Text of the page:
Supreme Court Cases Study Guide

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Marbury v. Madison:(1803) Judicial review In 1801, Justice William Marbury was to have received a commission from President Adams, but Secretary of State James Madison refused to issue the commission. Chief Justice Marshall stated that the Judiciary Act of 1789, which was the basis for Marbury's claim, conflicted with Article III of the Constitution. Marbury did not receive the commission. This case determined that the Supreme Court and not the states would have the ultimate word on whether an issue was in violation of the Constitution. The ruling, based on judicial review, made the Judicial Branch equal to the other two branches of government. Fletcher v. Peck: (1810) Contracts and State law Following amassivebriberyscandalthatinvolvedalmosttheentireGeorgialegislaturein 1794, the legislature authorized the sale of thirty-five million acres to four companies for less than 2 cents an acre. In the 1796 elections nearly all the legislators were dismissed and replaced. The new legislators rescinded the land grant. However, purchasers of the grant had already started selling off the land. The Supreme Court judged that when the state of Georgia rescinded a land grant it was unconstitutional since it revoked the rights already granted in the contract. This was the first case to declare a state law in violation of the Constitution. . Dartmouth College v. Woodward: (1819) Contracts and State law The New Hampshire legislature amended the original charter of the college, which had been in place since 1769, to make the college more accessible to the public. The problem was that the legislature acted without consultation with the college trustee. The Supreme Court ruled that the original charter was inviolable as the charter was a contract. This decision led to a strengthening of property rights against state abridgement. McCulloch v. Maryland: (1819) Implied powers James Madison created a national bank, The state of Maryland believed this was an intrusion into states' rights and attempted to tax the bank. James McCullough, who worked at the bank, refused to pay the state taxes because he believed the state had no right to tax a national bank. Marshall stated. That the bank was incompliance with the constitution and could not be subjected to state taxes. This case established the rule that states could not tax an institution of the federal government. Gibbons v. Ogden: (1824) Interstate commerce Act issue was the right to carry passengers along a canal from New York to New Jersey. The state of New York had granted Aaron Ogden the exclusive right. The federal government issued a license to Thomas Gibbons for the same route. On appeal the case went to the Supreme Court after Ogden sued Gibbons and won. The Supreme Court decided that Gibbons was right and that states cannot stop Congress regulating' interstate commerce. This was a landmark case because it established federal authority over the states. This became the basis of the Civil Rights Act of 1964. Cherokee Nation v. The State of Georgia: (1831) State law and Indians The Cherokee Indians had been farming the land in the western part of the state and had established their own government. The Georgians passed laws and tried to have the Cherokee government declared null and void. The Cherokee nation brought the suit to the Supreme Court on the grounds that the Cherokee nation was a foreign entity and therefore the state of Georgia had no rights. Marshall knew that if he ruled in favor of the Indians, President Jackson would not enforce the ruling. So Marshall ruled that the Cherokee nation did not constitute a foreign nation. Thus the Supreme Court had no jurisdiction over the Cherokee nation.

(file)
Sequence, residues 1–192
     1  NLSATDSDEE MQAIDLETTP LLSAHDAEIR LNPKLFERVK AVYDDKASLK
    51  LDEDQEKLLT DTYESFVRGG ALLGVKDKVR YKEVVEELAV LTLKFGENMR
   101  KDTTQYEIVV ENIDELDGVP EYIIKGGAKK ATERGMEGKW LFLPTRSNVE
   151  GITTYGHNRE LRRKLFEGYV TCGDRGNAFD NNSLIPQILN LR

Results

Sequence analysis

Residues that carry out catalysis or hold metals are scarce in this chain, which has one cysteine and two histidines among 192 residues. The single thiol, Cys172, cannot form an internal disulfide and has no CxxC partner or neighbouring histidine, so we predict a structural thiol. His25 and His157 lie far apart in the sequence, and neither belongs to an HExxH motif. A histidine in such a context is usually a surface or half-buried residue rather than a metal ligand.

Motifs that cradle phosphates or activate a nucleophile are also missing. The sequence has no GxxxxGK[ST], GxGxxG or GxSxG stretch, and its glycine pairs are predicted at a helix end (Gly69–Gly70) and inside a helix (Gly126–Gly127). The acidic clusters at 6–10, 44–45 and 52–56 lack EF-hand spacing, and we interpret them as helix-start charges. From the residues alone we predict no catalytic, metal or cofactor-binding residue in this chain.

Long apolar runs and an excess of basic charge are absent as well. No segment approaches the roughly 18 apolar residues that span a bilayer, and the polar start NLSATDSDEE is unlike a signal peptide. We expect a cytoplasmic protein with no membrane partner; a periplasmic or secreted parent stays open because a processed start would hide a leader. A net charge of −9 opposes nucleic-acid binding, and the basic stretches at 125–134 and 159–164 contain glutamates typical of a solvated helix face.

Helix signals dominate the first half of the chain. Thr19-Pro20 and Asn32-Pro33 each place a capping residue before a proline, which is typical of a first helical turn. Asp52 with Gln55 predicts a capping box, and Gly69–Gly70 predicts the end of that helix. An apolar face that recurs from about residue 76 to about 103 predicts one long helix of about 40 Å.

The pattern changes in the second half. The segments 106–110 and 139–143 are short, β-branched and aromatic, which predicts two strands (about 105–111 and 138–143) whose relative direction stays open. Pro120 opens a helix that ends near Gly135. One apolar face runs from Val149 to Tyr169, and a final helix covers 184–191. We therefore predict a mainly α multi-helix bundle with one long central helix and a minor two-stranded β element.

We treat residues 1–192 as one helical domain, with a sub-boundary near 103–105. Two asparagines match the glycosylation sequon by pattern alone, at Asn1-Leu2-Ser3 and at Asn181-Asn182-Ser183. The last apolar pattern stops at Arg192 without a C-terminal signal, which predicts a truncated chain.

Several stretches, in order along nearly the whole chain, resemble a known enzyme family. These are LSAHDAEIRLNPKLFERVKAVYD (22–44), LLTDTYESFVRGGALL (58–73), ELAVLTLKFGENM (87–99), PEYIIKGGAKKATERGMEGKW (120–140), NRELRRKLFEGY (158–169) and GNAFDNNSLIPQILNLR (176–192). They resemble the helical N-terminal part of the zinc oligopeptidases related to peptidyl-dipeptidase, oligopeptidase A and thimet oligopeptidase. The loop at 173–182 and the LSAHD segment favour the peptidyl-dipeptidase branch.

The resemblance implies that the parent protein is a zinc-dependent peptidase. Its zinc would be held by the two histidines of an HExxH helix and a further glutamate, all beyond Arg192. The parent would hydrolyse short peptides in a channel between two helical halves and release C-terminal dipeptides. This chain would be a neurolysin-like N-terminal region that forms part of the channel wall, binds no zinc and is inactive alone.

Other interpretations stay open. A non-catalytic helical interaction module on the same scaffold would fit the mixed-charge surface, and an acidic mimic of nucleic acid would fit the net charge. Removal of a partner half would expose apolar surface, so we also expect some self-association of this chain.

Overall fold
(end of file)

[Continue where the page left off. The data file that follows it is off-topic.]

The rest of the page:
Worcester v. Georgia: (1832) State law and Indians in Worcester v. Georgia John Marshall invalidated a Georgia law concerning entry into the Cherokee nation. In this case Worcester, a missionary, sued on the grounds that the state had no right to control any aspect of the...
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